Legal experts said the former first lady could attempt to shoulder blame as a way of trying to persuade a jury that neither McDonnell took illegal actions.
“It’s almost like ships passing in the night. Where he says, ‘I didn’t know what she was doing.’ And she says, ‘I had no idea what he was doing.’ And the jury left to decide what’s reasonable,” said Jonathan Biran, a former federal prosecutor. “It’s an interesting wrinkle.”
Peter Zeidenberg, a white collar defense lawyer and former prosecutor on the White House leak of a CIA operative’s identity, said it will be interesting to watch whether the couple remain on the same page with their defense.
“It may not be in their best interests to stay unified,” he said. “It may be in the governor’s best interests to put distance between himself and his wife. He can say ‘I can’t keep track of everything she buys.’”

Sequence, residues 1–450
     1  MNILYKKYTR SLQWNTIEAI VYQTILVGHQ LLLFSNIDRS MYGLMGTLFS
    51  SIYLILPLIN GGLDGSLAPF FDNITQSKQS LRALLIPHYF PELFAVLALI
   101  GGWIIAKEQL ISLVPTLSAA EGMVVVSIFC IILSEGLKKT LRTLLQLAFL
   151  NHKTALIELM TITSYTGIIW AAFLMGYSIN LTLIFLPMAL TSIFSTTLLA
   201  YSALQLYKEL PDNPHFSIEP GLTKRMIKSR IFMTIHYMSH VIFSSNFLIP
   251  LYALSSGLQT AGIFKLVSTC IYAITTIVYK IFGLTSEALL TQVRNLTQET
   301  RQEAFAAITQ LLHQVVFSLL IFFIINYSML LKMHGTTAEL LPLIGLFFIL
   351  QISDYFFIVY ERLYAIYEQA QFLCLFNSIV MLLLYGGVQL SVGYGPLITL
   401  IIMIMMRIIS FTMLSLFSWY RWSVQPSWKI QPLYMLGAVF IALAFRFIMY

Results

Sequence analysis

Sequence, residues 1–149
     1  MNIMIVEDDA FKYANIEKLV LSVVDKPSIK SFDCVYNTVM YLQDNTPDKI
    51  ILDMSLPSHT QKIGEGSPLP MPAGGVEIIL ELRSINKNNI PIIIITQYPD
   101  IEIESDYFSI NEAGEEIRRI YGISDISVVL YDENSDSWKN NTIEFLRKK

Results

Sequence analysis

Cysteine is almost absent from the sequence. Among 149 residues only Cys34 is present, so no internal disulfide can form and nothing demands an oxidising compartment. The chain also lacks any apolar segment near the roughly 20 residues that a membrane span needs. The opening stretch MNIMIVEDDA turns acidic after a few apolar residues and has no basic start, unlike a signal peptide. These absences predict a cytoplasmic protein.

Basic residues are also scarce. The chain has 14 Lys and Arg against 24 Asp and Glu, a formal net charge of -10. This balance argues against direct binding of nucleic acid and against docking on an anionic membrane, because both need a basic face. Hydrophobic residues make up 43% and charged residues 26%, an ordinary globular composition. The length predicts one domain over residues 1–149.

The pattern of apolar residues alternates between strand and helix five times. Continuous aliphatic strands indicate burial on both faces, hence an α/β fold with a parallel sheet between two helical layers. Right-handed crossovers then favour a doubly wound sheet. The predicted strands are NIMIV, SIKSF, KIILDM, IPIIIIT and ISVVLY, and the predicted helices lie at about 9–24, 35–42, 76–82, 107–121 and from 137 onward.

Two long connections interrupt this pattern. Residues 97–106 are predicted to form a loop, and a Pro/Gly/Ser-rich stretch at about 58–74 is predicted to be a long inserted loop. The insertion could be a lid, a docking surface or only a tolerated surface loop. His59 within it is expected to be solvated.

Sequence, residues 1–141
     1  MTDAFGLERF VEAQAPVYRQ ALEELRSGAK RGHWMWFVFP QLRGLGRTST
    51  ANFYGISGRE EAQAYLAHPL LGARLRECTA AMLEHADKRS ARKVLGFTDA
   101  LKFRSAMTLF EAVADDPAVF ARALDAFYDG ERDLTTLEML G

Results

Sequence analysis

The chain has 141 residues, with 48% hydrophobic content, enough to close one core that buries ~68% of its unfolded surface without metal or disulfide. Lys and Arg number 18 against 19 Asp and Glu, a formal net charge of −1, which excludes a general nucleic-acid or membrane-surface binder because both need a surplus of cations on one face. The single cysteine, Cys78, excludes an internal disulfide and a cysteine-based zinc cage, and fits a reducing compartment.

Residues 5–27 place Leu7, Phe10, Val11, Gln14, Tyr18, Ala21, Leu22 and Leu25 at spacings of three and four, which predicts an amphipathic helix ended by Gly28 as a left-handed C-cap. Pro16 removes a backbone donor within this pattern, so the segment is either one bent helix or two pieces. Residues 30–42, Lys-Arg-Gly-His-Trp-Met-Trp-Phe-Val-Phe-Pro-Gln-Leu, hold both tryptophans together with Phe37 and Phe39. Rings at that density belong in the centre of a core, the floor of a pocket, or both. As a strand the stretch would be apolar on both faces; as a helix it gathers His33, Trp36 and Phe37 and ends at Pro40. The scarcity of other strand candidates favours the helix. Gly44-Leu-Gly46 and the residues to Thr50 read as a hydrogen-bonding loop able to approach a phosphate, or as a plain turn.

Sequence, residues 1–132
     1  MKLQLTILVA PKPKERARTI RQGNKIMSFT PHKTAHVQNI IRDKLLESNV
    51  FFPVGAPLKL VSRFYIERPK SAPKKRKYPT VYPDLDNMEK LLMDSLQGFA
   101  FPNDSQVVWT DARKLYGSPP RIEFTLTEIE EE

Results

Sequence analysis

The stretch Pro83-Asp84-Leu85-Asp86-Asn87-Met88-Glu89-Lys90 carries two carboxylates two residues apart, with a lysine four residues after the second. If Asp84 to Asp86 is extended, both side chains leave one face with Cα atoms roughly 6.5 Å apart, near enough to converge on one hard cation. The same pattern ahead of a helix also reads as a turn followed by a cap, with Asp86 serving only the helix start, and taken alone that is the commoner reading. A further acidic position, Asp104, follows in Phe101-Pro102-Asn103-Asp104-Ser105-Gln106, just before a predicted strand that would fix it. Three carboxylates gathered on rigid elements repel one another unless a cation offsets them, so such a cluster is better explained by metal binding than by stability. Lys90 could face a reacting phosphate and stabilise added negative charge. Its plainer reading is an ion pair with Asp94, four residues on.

Since the indictment was handed up on Tuesday, the former governor’s comments have focused almost exclusively on his own innocence.
“I come before you this evening as someone who has been falsely and wrongfully accused and whose public service has been wrongfully attacked,” he said in a televised statement Tuesday evening.
Maureen McDonnell stood stone-faced at his side but did not speak. He did not mention the charges against her.
“Bob McDonnell is an innocent man,” begins the defense’s formal reply to the charges. The only reference to his wife is a footnote, in which the governor’s lawyers wrote that the first lady is not a public official so she cannot engage in official acts.
The plea deal offered by prosecutors in late December would have omitted accusations that the governor misused his office.
Instead, he would have pleaded guilty to failing to disclose Williams’s loans on a list of liabilities included on an application to refinance the couple’s hefty mortgages.
But in this week’s motion, his lawyers argued he was innocent of the fraud charge as well.
They wrote that the omissions were inadvertent and would not have made a difference to whether his application was approved.